(I must say, in regards to the imagery above, that society tends to gloss over painfully thin models as normal for fashion, but excepting the very few woman who look so naturally, this extreme thinness is not good or healthy.)
Who else is obsessed with the Olympics? Watching the US women’s gymnastics team (go Gabby!) was the push I needed to get my butt back to yoga, after years of saying, “I need to get back to yoga.”
I’m finishing week two of near-daily 6 a.m. classes and I love it. I am not a morning person, but I discovered that if I get up as soon as the alarm goes off, throw on my yoga clothes, and head straight out the door – no snooze button, coffee, twitter, or other procrastination – the morning is not so bad.
This routine requires extra preparation, especially combined with biking to work. I bike to the studio on the way to work wearing my yoga outfit (Lululemon’s yoga clothes are so expensive, but soooo perfect!). After class, I shower at the studio and change into regular shorts and a t-shirt, since my yoga clothes are too sweaty to put back on and I get too sweaty on my bike right now to wear work clothes. Finally, I bike the rest of the way to work and change into my work clothes. I swear, this is not as complicated as it sounds. Totally worth the extra effort for the wonderful feeling I get from yoga class.
Do you have a yoga or other exercise routine that you combine with your bike commute? I’m interested to hear how others handle the logistics.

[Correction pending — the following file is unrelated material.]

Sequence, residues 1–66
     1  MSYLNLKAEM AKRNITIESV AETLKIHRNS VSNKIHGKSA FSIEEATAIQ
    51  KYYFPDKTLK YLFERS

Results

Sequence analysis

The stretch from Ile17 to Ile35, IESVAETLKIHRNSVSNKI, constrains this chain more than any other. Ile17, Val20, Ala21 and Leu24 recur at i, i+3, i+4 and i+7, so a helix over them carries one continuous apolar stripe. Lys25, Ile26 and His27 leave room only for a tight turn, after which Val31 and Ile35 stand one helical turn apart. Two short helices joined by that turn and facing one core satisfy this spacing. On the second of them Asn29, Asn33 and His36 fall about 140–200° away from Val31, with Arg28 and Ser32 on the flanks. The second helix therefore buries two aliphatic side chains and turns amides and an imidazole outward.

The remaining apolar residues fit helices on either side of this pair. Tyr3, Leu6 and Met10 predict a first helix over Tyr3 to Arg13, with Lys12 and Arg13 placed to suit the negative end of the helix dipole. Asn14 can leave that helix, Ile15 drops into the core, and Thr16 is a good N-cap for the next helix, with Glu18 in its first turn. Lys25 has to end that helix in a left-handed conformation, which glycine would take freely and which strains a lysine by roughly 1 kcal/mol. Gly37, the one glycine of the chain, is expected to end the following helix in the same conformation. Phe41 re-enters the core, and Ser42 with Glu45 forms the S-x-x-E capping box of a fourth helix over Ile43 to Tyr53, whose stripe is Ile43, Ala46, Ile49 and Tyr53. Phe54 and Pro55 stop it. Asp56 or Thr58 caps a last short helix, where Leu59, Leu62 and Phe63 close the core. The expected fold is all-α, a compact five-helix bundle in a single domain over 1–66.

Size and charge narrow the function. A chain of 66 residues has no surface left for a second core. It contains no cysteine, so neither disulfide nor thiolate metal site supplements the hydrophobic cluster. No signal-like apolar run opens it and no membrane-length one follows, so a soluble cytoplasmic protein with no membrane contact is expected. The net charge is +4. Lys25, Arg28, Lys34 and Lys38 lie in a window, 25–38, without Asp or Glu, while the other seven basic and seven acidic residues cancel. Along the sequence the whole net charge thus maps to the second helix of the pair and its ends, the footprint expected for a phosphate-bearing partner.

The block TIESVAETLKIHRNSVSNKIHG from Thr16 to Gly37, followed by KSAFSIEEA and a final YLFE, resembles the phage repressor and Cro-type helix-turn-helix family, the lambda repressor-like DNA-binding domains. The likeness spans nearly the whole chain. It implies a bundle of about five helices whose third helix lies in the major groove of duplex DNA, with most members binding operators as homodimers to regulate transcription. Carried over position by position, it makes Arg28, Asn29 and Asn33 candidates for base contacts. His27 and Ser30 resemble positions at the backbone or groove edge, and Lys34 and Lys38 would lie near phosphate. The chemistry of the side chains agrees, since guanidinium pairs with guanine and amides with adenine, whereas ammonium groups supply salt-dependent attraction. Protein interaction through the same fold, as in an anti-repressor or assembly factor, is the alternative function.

I prefer to keep my work shoes under my desk, especially during the summer when my feet sweat. Last summer I spent a lot of time biking in Keen Commuter sandals or regular slip-on sneakers. This summer, I wanted casual shoes that could also look stylish. I chose Bensimon Tennis Laclets (aka the French Converse) and I like them a lot.
These sneakers are easy to slip on and off – I never have to mess with the laces. They are also breathable and very lightweight. The only downside is the thin soles. I would not wear them for a lot of walking before adding a gel insole, but happily that is not an issue when bicycling.
I’ve been wearing them a lot and I like how they dress down and lighten up my regular outfits.
What kind of shoes do you like for summer bicycling? Anyone else wear Bensimons? :-)
Overcast skies and thunderstorms colored my week with steely blues and soft grays. After months of bright sunshine and primary colors, this low-key palate soothed my eyes and spirit – and my sensitive skin, which was happy for some cloud cover!
These colors and the feelings they evoke inspired this collage. I began with the soothing familiarity of my own bicycle, then dressed my imaginary self in a made-to-order organic cotton dress from Portland-based designer, Makool Loves You, paired with crocheted sneakers and a silky helmet cover. The cover is made for equestrian helmets, but I wonder if it would work for bicycling? A lovely perfume would help with the sweat-free summer strategy – here I chose iris and white musk, the scent of a flowering garden after a heady summer storm.
Last month, I posted about bicycling in a long dress. I demonstrated using an upright Danish bike with a full chain case. Today I wore a long dress and I wanted to ride my Rivendell, which has an exposed chain and no skirt guard. I assume this is the type of bike that most readers have, so I’m posting Bicycling in a Long Dress: Part II – no chain guard edition.
This is almost as simple as Part I. The only difference is that I pinned up the bottom of my skirt.
Here is a quick video to show how quick and easy making a long skirt bike-friendly is.
Has anyone else tried this with a long dress? I know a few of you commented about similar strategies in the previous post.